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4 Tips For Picking The Right Pond Plants | Decorative Ponds & Water Gardens Q & A

How Do I Know Which Plants Are Right For My Pond?

Alice – Chesterfield, VA

Know your hardiness zone. The USDA publishes a hardiness zone map that shows in which areas of the country various types of plants can survive and grow. The majority of your pond plants should be from your hardiness zone because they are best able to tolerate the year-round conditions of your area.

Know your pond’s depth. Some pond plants prefer deep water and some pond plants prefer shallow. Hardy water lilies prefer deep water, for example, while bog plants prefer shallow.

Know what type of sun exposure your pond receives. In addition to hardiness zones, plants also are categorized by the type of light they like to receive (full sun, partial sun, or shade). Marsh Marigolds yearn for sun, while Clyde Ikins Water Lily can tolerate the shade.

Know your pond’s flow. This is a factor that water gardeners often overlook. Some pond plants love moving water while others prefer the water stand still. Dwarf cattails, for example, do well in streams because they enjoy moving water, but water lilies are not fans of being right underneath a waterfall.

Hardy Water Lilies

Do you store plants indoors until your zone is ready? | Decorative Ponds & Watergardens Q & A

If I Order My Plants Now Can I Keep Them Inside Until It’s Warm Enough To Move Them Outside?

If I Order My Plants Now Can I Keep Them Inside Until It’s Warm Enough To Move Them Outside?
Connie – Albany, NY

Spring is almost within reach making pond owners everywhere anxious to begin this seasons water gardening. While you don’t want to be the left in the dust by waiting too long to get your plants, are you going to waste your money by ordering your plants too early and subjecting them to cold weather? It is not uncommon for customers with established green houses to order plants early in the season and keep them indoors, but what about the every-day water gardener who doesn’t have a greenhouse?

The difficulty associated with maintaining your aquatic plants indoors depends on the type of plant. Bog plants can be potted and watered, floating plants would be placed in aquariums or Tupperware containers filled with water, and lilies can be placed in planting media and partially submerged. While plants intended for cooler temperatures or partial shade will do well when left by a window, tropical plants and floating plants intended for warmer zones will require grow lights to provide an abundance of warmth and beneficial light spectrum. The type of plant purchased, and the zone you are located in will determine how long you would need to keep the plant indoors before you can add it to your pond.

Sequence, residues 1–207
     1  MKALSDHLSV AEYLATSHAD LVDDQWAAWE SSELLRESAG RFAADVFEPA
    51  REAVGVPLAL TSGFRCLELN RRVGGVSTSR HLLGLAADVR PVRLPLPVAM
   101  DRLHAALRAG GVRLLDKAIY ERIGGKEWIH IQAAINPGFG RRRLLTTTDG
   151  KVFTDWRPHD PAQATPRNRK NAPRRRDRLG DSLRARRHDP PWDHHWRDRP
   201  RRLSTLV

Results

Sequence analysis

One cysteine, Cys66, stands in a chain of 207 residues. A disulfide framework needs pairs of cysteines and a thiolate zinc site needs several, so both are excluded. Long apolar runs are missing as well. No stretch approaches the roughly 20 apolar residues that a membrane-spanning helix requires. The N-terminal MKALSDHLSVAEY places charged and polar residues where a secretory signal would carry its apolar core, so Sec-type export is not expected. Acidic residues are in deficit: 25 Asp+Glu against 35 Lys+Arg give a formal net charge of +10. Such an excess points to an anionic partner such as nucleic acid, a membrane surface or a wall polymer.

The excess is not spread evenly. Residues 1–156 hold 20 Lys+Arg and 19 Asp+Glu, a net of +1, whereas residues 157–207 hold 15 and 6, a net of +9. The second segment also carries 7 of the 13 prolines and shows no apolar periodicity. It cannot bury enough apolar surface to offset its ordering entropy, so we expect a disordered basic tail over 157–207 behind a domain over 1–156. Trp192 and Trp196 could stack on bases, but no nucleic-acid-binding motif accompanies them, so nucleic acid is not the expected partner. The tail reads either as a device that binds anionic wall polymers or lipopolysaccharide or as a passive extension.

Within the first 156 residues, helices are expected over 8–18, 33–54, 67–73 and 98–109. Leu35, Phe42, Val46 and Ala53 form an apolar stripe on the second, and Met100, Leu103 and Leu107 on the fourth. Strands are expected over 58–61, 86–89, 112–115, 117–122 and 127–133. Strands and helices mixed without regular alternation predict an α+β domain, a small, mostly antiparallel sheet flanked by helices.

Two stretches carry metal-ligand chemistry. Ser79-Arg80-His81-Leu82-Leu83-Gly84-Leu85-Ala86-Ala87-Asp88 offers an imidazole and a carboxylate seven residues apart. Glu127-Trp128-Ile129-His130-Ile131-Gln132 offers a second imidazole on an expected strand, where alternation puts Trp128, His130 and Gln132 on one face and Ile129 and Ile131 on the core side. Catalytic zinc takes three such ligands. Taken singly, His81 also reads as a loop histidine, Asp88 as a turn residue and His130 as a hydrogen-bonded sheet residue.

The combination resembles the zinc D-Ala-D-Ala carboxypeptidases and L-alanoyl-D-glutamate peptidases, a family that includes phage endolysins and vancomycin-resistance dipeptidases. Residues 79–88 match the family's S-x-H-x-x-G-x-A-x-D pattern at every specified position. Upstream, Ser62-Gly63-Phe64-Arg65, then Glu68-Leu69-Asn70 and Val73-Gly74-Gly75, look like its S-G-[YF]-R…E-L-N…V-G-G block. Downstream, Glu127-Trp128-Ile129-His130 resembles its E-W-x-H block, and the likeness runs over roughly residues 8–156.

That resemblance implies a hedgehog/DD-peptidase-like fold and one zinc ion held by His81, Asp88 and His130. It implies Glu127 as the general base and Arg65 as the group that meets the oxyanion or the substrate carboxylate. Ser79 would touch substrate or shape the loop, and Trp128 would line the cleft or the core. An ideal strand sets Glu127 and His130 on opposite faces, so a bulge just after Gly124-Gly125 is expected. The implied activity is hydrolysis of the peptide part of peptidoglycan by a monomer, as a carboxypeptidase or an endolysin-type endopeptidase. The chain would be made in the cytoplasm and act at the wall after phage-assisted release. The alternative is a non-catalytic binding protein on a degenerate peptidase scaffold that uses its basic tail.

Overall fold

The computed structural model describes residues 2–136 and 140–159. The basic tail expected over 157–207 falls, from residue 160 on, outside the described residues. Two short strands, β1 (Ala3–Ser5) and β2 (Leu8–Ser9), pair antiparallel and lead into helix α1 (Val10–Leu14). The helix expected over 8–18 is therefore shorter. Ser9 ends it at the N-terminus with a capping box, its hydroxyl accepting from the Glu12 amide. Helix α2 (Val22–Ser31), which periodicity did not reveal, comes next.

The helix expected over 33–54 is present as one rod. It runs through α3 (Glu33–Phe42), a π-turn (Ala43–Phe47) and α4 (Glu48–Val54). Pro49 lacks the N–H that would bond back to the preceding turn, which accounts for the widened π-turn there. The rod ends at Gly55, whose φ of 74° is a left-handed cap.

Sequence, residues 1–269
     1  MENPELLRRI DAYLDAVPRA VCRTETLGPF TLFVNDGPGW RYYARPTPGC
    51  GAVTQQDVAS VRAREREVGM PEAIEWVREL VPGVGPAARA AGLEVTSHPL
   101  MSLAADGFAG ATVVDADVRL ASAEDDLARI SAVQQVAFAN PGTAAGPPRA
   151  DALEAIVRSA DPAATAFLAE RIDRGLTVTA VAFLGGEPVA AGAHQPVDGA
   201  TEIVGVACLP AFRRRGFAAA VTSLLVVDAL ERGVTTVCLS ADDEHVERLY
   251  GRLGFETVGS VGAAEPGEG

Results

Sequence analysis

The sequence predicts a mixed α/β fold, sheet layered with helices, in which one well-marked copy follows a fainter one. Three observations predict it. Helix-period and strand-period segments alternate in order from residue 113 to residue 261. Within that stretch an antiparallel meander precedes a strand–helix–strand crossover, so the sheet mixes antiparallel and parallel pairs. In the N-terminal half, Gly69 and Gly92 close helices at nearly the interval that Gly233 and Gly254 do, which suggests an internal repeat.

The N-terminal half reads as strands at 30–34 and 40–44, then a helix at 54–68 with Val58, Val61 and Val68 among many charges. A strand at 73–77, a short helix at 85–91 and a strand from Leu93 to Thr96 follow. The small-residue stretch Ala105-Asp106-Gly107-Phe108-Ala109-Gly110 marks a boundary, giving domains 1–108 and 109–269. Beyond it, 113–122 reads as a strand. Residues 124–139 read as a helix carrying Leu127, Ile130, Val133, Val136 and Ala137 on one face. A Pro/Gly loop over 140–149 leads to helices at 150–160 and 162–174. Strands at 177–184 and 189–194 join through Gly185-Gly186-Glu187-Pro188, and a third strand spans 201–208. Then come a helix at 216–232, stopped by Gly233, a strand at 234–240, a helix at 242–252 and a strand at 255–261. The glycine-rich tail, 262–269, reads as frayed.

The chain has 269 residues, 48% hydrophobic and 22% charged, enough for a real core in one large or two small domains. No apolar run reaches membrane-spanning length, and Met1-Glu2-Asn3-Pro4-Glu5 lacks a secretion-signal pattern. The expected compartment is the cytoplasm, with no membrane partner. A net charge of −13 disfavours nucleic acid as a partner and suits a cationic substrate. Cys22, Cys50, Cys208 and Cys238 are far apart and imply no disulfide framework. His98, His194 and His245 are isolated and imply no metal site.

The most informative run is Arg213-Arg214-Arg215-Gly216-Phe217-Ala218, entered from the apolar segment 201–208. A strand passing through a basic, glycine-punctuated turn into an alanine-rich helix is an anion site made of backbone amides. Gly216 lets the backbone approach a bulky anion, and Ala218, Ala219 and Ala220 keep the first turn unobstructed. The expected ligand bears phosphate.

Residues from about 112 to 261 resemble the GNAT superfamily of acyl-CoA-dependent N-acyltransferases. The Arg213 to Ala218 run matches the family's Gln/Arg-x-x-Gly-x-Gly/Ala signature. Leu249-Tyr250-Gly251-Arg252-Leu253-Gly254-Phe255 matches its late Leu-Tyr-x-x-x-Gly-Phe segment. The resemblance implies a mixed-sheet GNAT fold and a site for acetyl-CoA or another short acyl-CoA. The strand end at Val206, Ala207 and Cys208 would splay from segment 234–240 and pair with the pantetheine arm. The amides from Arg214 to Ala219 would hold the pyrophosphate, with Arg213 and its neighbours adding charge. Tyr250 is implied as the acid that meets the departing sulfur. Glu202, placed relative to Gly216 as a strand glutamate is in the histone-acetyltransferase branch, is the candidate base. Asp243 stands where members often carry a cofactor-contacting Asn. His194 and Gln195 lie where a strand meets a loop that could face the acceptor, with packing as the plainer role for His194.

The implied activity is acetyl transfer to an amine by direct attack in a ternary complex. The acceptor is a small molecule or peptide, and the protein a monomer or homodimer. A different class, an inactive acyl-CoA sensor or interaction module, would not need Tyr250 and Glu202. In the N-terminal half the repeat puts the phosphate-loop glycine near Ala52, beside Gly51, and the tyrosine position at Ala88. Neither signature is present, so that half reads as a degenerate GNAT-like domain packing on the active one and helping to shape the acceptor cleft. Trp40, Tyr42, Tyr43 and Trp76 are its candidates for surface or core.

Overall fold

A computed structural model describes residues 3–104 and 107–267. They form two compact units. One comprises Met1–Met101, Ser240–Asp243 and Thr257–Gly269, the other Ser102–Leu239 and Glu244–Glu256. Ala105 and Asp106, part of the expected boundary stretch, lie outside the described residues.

Purchasing the plants that are ideal for your area is made fairly simple by using a zone map. Zone maps break down areas of the country into zones based on their climate. Each plant is assigned a zone or range of zones that it can thrive in. By locating yourself on a zone map and assigning yourself a zone you can then select plants that do particularly well in that zone. You can also purchase plants that are intended for zones with warmer climates, but they will need to be added to your pond later in the season when it is warmer, and they may not last as long as plants intended for cooler climates.

To make early plant purchases easy for those of us with less-than-green thumbs we allow customers to order their aquatic plants whenever they like and we will hold them until their zone is past warnings of frost and cold weather. Sending your plants to you when temperatures are ideal in your area will help ensure that your plants will survive and limit the amount of work you have to do to get the plants ready for your pond. Simply choose the ones you would like to see in your water garden and our friendly pond guys and gals will take care of the rest.

Pond Talk: Do you store plants indoors until your zone is ready?

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